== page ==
Steven, meanwhile, rejects any sort of responsibility; his pride makes him unable to acknowledge his own faults. Motivated by the protection of his professional reputation, Steven is shown to be selfish and arrogant, driven only by his individual needs, which ultimately make him less forgivable than Agamemnon. Although it could be argued that it is only the societal differences make Agamemnon seem more forgivable, his sense of duty and acceptance of his retribution also make him a sympathetic character to a modern audience.

The film offers a warning against individualism of notable Western leaders in our age of populism

Through the contrasting endings, the difference in societal attitudes is clear. Agamemnon’s patriotic rhetoric convinces Iphigenia that her sacrifice was necessary for the good of the people, reflecting the societal attitudes of the time. Whilst a modern audience would continue to regard his decision to sacrifice his child as abhorrent, it must be remembered that Agamemnon’s actions are justified in Ancient Greek society which leads to his forgiveness. This is made manifest in Iphigenia’s miraculous escape from death and her ascension to the gods.

By contrast, Lanthimos’ ending is entirely unforgiving. Whereas Iphigenia was able to escape, Steven’s youngest and the most innocent, Bob, is shot by his father as he shoots randomly to ensure the survival of the other two. The inhumanity of the murder is Lanthimos’ brutal message for his brutal cautionary tale. The lack of forgiveness shown by the film’s “deity,” Martin, is demonstrative of the way in which society has changed. Steven was faced with the same choice and made the same decision as Agamemnon yet a modern audience cannot forgive him in the way the Greeks could.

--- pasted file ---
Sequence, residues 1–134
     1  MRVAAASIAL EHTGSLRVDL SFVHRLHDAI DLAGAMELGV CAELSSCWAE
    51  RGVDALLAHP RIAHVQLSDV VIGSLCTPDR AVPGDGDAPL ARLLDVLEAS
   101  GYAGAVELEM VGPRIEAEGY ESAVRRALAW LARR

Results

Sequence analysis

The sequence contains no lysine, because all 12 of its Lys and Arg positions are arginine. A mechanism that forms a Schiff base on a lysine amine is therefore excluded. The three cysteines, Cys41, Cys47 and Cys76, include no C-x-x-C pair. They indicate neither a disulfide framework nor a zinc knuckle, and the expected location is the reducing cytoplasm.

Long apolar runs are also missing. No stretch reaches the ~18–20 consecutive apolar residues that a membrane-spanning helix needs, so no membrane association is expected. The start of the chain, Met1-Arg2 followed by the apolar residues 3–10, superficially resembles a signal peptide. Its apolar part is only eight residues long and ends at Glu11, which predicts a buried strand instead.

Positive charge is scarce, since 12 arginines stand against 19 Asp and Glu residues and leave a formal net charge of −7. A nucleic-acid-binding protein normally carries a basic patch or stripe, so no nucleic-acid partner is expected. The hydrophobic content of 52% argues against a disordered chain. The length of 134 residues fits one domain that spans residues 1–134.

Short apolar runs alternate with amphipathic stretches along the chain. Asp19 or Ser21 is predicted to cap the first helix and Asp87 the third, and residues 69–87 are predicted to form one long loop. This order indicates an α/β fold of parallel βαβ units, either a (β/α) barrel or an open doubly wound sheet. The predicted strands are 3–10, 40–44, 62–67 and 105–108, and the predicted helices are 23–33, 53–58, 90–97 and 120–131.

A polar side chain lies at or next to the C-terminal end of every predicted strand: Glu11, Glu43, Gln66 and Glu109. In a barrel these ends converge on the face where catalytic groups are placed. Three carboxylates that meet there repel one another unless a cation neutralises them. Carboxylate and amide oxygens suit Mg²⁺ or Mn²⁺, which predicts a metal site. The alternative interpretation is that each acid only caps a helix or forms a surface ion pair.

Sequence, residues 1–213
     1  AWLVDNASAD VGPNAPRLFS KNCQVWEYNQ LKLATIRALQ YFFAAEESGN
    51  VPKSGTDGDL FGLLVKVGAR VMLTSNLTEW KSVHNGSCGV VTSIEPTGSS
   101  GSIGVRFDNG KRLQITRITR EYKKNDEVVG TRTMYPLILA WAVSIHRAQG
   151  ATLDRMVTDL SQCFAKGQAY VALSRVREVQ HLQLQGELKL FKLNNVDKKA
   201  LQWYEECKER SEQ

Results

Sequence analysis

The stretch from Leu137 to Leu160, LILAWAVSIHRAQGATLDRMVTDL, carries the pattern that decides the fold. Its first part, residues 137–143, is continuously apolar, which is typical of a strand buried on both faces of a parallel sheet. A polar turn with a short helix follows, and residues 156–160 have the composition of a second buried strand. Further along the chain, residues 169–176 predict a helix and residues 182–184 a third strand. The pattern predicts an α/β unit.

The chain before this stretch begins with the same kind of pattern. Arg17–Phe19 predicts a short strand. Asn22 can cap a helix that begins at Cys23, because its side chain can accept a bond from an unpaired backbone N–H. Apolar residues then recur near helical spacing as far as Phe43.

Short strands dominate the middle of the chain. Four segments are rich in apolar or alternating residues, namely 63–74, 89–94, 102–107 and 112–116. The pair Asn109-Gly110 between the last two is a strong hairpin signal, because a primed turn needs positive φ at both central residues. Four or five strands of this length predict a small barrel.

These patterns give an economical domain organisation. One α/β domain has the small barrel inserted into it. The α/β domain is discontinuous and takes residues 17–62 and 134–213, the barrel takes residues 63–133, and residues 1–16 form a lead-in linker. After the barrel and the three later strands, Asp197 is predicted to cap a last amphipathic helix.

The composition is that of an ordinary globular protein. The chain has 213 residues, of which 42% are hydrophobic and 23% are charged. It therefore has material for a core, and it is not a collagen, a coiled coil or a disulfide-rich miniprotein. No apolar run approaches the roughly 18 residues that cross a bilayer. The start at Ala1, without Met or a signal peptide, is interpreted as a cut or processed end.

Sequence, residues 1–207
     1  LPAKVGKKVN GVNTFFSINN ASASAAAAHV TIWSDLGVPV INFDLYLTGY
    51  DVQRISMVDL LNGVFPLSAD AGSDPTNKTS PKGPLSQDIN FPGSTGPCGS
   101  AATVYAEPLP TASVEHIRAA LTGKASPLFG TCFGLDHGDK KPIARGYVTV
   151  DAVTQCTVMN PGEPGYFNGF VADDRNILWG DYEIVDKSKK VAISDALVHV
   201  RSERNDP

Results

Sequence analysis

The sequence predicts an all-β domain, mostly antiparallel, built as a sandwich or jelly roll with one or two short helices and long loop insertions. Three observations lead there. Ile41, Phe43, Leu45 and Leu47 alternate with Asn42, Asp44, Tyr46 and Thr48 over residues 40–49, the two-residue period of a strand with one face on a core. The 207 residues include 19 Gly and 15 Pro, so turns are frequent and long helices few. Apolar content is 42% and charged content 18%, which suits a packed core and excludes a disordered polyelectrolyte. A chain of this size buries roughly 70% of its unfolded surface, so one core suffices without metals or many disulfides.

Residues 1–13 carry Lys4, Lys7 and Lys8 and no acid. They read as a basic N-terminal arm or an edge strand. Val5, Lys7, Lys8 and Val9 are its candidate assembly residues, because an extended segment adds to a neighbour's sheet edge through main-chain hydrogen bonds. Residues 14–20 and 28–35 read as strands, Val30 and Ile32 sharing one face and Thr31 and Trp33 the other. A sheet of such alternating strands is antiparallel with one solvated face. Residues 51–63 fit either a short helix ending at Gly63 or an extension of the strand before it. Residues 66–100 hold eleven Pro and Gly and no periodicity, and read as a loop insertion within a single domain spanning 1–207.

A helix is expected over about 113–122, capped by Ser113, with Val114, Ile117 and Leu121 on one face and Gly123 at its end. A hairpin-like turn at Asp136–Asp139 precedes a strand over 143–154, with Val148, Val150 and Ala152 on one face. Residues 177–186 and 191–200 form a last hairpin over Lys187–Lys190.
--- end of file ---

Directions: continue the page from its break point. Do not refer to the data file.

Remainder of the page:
One could even view Steven’s unforgivable motivations and actions as microcosmic of the cutthroat, arguably dangerous, political climate in which populist leaders are currently thriving. Steven’s selfishness and individualism can be recognised as a reflection of Western society’s focus on the individual over the nation, in contrast to Agamemnon’s feeling of duty. Steven’s selfish rejection of retribution leads to him paying a bigger sacrifice. The film offers a warning against the individualism of notable Western leaders in our age of populism and demonstrates the virtues of a selfless attitude toward the nation as a whole, made manifest through Agamemnon.

Told with clear elements of the horror genre – a fact that is itself indicative of a modern view of a tragedy – Lanthimos elicits feelings of revulsion and anger from his audience towards Steven. In contrast, Agamemnon, whose actions in their intent differ little from Steven’s, is pitied by his contemporary audience for his decision. Lanthimos, with his adaptation, offers a chilling caution for the psyche of figures of authority and the differences culminate in the depiction of the protagonists, reflecting the shift in cultural mindset over the centuries. Agamemnon is forgiven for his role in Iphigenia’s sacrifice. Steven is despised his role in Bob’s murder.


Featured image by Andrey Giljov, available on Wikimedia Commons under Creative Commons Attribution-Share Alike 4.0 International license.